It tries. That's the best that can be said about American Beauty. But
anytime a film that purports to question a society gets whoops of praise
and awards from that society, it has to be asked if that film is not in
fact actually coddling the audience, instead of challenging it. American
Beauty tries to critique the quagmire of American society that it grows
out of, but inevitably ends up being soiled by it instead.
This is first and foremost a Backlash film (referring to Susan Faludi's
book) where Carolyn, the wife in the film, is a cliched, slamming portrayal
of what happens when a woman tries to compete in business--she of course
must be shown to have destroyed her relationship with her husband; she
must be full of self-hate and pitiful misery. We learn nothing about
this thin-as-cardboard character from the husband-wife confrontations
except that it is all her fault, that she somehow called a halt to their
sex life. Why is never asked, or what was the husband's part in this
matter that he would supposedly be an integral part of. And of course
the conclusion of her competition against her business rival is to
capitulate to the sexual level and go to bed with him. In fact, none
the female characters in this film are allowed to act on their own,
only to react to male characters. A film that really wanted to do
something different would have followed the two riot grrrls who pop up in
one high school scene making cutting comments, but no such luck.
The rest of the characters don't get much thickness added to them along
the way, either. For example, what exactly Ricky, the strange guy next
door, is supposed to be, is never resolved at all. Anyone who has known
or been a teenager in Ricky's shoes-- with a cold, hyper-disciplined
militaristic father who beats him and sends him to a mental institution,
and with an out-of-it (Prozac-whacked?) acquiescent mother--would know
that Ricky's detachment is completely superficial, and that there are
boiling emotions inside. Yet Ricky remains an absurdly serene figure
throughout the film, even after getting pummeled yet again by his father.
Either Ricky really IS the "psycho" that other characters label him,
someone with big emotional troubles pushed down so deep as to be a physical
danger to others or himself--a conclusion the film otherwise leads us
away from with its sympathetic portrayal--or, more likely, he is simply
a poorly drawn character. He has company in this film.
Speaking of Prozac, Hollywood is probably slapping itself on the back for
daring to depict a tolerant view of marijuana in a major film, but it
flubbed this one, too. It portrays pot as either a way to make bundles
of cash for the Ricky character, or a means to pure escapism/regression
for Lester. Through the Ricky character, pot is used to yet again reinforce
America's money-love mania and get-rich-quick fantasies, and through
Lester, pot is a magic release from all conflicts both inner and outer.
Really daring would have to been showing pot for what it is, an innocuous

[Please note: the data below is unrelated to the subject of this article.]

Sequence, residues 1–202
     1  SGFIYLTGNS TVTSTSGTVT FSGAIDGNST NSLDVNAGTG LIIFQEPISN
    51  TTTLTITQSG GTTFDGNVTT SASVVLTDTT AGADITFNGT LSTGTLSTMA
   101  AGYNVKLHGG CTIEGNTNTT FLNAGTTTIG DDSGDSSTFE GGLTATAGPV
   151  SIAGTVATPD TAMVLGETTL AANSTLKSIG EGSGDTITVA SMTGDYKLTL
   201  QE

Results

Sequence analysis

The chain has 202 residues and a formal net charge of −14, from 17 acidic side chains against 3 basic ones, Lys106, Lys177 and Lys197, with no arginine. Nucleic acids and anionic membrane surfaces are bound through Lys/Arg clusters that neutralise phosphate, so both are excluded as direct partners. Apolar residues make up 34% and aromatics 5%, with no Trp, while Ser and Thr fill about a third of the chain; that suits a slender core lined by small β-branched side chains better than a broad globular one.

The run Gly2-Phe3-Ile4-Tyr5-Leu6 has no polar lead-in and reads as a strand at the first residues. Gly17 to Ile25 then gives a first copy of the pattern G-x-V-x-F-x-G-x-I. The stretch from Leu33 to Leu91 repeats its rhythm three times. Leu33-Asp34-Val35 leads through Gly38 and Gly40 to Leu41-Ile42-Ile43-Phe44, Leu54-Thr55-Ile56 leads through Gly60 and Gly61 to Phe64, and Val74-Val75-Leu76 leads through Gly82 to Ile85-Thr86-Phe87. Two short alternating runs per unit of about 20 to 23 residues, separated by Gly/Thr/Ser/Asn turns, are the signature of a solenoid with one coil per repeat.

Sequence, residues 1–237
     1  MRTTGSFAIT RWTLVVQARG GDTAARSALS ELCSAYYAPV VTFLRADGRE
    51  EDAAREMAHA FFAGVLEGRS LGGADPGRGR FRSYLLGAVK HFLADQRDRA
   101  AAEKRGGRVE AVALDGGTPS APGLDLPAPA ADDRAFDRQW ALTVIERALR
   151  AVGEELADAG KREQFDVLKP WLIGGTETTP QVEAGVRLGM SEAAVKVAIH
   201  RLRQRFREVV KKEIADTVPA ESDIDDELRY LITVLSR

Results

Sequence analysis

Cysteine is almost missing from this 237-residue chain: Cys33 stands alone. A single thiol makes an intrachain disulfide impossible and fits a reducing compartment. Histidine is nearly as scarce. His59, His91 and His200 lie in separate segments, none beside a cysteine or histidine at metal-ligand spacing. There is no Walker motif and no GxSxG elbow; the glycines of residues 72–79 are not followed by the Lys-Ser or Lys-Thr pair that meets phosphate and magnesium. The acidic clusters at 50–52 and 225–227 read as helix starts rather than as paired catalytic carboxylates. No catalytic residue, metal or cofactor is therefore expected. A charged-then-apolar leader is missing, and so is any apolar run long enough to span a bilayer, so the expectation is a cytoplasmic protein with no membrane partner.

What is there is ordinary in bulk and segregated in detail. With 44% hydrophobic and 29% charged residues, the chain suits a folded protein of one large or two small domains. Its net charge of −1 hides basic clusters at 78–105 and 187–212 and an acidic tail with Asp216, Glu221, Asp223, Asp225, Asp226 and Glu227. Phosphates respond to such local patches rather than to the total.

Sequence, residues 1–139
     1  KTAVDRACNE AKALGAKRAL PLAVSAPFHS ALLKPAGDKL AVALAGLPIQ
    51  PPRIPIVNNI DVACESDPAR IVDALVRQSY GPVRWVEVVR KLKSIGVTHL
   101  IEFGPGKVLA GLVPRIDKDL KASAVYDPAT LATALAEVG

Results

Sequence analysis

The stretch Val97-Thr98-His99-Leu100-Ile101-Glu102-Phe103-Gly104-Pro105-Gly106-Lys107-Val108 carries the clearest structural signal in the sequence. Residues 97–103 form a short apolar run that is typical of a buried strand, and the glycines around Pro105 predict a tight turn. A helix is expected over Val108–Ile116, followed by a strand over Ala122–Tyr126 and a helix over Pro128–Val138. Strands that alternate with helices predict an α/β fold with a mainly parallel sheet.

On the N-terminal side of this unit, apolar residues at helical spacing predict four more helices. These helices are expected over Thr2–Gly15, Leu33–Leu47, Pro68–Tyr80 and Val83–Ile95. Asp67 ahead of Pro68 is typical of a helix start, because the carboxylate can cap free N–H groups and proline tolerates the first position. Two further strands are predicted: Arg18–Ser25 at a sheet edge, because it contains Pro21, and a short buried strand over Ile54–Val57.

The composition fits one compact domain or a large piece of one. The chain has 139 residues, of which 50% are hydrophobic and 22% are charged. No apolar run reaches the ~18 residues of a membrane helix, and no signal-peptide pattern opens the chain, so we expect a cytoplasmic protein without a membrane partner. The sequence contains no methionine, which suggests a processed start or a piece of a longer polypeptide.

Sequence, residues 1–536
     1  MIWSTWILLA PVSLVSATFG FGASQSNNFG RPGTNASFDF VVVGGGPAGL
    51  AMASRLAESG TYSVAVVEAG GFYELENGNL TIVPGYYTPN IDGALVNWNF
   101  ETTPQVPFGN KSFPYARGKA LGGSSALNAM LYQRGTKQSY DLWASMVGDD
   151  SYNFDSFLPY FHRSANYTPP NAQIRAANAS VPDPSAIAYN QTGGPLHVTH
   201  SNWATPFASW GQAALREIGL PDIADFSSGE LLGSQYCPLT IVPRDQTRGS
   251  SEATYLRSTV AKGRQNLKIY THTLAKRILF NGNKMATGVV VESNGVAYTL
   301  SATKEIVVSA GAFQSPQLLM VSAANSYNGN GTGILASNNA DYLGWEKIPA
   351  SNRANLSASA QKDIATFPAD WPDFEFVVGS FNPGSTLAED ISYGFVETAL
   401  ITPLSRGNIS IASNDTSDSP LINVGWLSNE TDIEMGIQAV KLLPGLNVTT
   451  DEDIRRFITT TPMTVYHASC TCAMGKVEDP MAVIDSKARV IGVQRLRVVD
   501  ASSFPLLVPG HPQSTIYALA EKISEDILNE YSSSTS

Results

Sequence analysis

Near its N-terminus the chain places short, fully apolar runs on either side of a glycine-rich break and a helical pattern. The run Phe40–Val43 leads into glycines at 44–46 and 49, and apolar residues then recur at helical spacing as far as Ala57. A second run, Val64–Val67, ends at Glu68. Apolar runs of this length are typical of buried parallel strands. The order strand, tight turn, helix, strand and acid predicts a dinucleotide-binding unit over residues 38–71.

if often lazy-making substance that is widespread throughout the
country--and maybe touching on the draconian drug laws that constantly
put everyday people in jail.
Of the many other repellent aspects of this film, here is a short list:
--What a condescending lie to show a minimum-wage fast-food job as breezy,
effortless or in any way comforting and humanizing work, as the film does
when middle-class Lester retreats to one.
--Middle-aged hero of the film Lester chooses not to have sex with his
daughter's teenage friend Angela simply because she's a virgin--not
because she's a troubled, unhappy, vulnerable wreck and a child.
--How many guys in the audience are just getting off on seeing Angela's
forbidden teenaged breasts and fantasizing about not stopping themselves?
--Is it at all believable that control-freak wife Carolyn would decide
to soberly and premeditatedly kill her husband and send herself to jail
for a couple decades?
--How horrible for the film to show Lester coolly inventing a
sexual-harassment case against his employer. It sneers at all the people
who have been harassed at work and try to get some justice done. Imagine
the same scene, but with a black man inventing racial slurs and attacks
at his workplace in order to get a free ride, to get a better idea of
how grotesque is this part of the film.
--Is anyone else tired of the white people in big houses thing?
--The film, having teetered in its trying, finally crashes to the side
of dreck with Lester's moment-of-death spiel of enlightenment, by telling
the audience what to think of what they have just seen, instead of letting
them ponder it for themselves. The spiel distracts from the
deadly-violence-in-America point of the film, and the accompanying images
are Hallmark-hokey (and how does he see himself in childhood memories
A few of the film's flaws could be explained away with the wide rose-colored
brush called Irony. This has become the term for weak humor or ugly
dichotomy that you must consider clever and intentional if you are to be
sophisticated. As an American observing the United States from afar,
I am beginning to realize the ways that the situation there
reinforces itself. This film is much more of a symptom of a culture than
a critique of one.